The above set of functions is a variation of a classic VB technique to inject a Dll into a process.  The following table will describe the purpose of the different functions, and list the order in which the functions are used.  

Function Name

Description

testFound

This function will create a new Process (and primary thread), in this instance it will create the process rundll32.exe.

makeChecksum

This function is used to allocate virtual memory as read/write in the newly created rundll32.exe process’ memory space.

setEnvironment

This function will write the previously decoded data into allocated memory (of rundll32.exe) from the previous step.

setDrive

This function is used to set the NewProtect value of the previously allocated virtual memory to execute/read.

expandFile

This function will be used to create a thread that will run in the context of the rundll32.exe process.  In this instance the start address of the thread is pointing to the address of the previously allocated and written memory containing decoded data.

Table 1: Process Injection Overview

The above set of instructions will ultimately create a rundll32.exe process.  Memory is then allocated in the process’ memory space and the decoded data (which is a Dll file) is then written to that space.  The memory region is then changed from read/write to read/execute, allowing the script to create a new thread under the context of the process (which is the Dll payload).  The table below shows the metadata for the embedded payload.

Third Stage

File MetaData

File Name       : Cobalt_Strike.dll

File Size       : 206,848

CRC32           : 6d3e6da8

MD5             : f2f52c78d594c37b546f6c09207cb481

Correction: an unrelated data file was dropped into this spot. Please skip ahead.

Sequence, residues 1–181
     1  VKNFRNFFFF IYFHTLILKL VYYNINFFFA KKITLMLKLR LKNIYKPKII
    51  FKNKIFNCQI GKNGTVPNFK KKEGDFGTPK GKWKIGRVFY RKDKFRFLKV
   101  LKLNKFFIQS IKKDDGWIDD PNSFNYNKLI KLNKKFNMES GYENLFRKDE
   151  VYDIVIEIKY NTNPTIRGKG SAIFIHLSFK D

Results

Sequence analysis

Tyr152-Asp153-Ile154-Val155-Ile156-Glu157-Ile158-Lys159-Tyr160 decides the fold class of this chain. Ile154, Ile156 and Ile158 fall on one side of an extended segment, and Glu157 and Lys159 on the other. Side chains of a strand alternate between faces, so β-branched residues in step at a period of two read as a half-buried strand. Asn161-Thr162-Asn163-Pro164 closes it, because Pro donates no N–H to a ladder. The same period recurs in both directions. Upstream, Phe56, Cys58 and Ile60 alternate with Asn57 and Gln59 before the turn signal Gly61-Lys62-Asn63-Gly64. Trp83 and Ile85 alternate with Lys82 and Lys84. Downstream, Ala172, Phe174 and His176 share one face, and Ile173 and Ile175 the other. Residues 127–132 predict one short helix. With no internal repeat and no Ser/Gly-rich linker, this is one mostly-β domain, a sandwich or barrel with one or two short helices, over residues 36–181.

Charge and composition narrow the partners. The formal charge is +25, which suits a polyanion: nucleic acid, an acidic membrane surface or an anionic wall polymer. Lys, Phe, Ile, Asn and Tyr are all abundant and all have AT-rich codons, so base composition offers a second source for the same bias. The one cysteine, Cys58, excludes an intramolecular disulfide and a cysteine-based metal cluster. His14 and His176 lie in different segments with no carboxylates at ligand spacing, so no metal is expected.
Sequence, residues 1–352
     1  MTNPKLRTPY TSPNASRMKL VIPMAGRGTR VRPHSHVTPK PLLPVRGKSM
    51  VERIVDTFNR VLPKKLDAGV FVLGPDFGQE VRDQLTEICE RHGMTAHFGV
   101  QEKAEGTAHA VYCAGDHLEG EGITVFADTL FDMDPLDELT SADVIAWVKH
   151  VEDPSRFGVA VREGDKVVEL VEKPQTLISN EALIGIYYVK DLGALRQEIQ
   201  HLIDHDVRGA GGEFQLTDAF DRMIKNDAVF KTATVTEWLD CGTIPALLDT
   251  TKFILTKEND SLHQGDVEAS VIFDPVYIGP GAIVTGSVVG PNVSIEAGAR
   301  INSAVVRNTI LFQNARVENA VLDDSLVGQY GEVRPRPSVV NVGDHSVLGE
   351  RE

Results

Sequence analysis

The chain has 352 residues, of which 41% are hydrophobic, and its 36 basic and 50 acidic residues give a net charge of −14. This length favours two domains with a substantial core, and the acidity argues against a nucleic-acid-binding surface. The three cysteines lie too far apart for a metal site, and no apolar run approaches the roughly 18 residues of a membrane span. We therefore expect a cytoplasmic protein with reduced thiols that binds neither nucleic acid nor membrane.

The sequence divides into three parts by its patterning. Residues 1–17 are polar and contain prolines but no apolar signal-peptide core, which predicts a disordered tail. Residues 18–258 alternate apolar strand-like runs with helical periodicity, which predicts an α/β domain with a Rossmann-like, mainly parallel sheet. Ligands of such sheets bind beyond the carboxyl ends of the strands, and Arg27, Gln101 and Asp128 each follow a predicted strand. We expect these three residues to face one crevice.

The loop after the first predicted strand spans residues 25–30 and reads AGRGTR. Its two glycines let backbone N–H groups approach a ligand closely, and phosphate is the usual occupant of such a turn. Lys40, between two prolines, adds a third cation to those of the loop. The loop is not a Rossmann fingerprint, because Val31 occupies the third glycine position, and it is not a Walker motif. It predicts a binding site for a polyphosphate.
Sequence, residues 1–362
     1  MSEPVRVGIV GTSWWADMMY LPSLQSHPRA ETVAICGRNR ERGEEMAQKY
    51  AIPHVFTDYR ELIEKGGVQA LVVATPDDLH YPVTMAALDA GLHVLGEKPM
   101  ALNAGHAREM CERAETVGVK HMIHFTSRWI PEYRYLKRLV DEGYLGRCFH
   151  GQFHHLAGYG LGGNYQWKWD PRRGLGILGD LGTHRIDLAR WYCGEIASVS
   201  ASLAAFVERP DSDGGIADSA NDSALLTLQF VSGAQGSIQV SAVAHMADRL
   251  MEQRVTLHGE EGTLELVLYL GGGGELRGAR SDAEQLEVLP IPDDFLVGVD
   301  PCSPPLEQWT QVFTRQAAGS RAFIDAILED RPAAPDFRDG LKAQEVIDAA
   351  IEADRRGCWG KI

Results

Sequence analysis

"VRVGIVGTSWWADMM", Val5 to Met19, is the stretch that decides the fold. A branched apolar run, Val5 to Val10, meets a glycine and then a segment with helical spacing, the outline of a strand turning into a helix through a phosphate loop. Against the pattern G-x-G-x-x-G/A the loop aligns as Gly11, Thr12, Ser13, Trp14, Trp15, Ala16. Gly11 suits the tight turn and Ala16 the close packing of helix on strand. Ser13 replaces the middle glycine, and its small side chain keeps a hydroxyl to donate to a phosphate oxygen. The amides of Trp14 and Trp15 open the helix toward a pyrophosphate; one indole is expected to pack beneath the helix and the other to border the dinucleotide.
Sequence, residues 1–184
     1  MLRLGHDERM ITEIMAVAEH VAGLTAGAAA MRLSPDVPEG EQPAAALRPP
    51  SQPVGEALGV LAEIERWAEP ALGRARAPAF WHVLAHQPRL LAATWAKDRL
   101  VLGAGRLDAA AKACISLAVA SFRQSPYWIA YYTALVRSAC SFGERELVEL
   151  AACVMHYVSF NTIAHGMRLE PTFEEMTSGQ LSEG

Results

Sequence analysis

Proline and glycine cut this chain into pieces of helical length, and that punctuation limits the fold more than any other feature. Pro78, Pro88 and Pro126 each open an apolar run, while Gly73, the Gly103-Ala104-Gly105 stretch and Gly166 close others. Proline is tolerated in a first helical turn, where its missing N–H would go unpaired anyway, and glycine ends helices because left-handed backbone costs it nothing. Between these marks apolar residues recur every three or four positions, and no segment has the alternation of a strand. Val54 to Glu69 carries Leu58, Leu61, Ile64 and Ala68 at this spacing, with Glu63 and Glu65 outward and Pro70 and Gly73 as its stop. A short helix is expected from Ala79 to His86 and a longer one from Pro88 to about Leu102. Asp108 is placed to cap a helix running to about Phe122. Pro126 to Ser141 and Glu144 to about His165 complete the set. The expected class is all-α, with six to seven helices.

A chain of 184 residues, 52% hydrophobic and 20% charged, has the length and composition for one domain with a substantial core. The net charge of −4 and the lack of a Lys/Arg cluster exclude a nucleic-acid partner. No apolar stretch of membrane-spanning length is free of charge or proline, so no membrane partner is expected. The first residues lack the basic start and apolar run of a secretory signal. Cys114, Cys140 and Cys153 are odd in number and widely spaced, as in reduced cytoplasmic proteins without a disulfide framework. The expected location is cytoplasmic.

SHA1            : 12bc1affe86327d9f78684cde46cfff4dee57149

SHA256          : fa405c36d82b264568219b521886d2e7ef589674874983c7db1d67928003489e

Table 2: Cobalt Strike Payload Metadata

The third stage Dll which is injected into rundll32.exe is a Cobalt Strike payload.  This payload will initially check to see if the fdwReason for loading the Dll is 1, 4 or 6 (depicted in the image below).  It should be noted that arguments 4 and 6 are not documented reason codes.   

Figure 7: Payload initial check

A fdwReason code of 4 correlates to a Dll that is loaded by a Microsoft Application Verification tool, after a process is created.  If the fdwReason is listed as 1, which is typical when a dll is loaded via the LoadLibary() function, it will then unload the Dll.  It should be noted that LoadLibary is the typical manner that a Dll is loaded, such as when rundll32.exe is used to execute a Dll versus where a Dll is injected into another memory’s process space (which is the case here, it is a little confusing at the process they decided to inject into is rundll32.exe, however it could have been any process).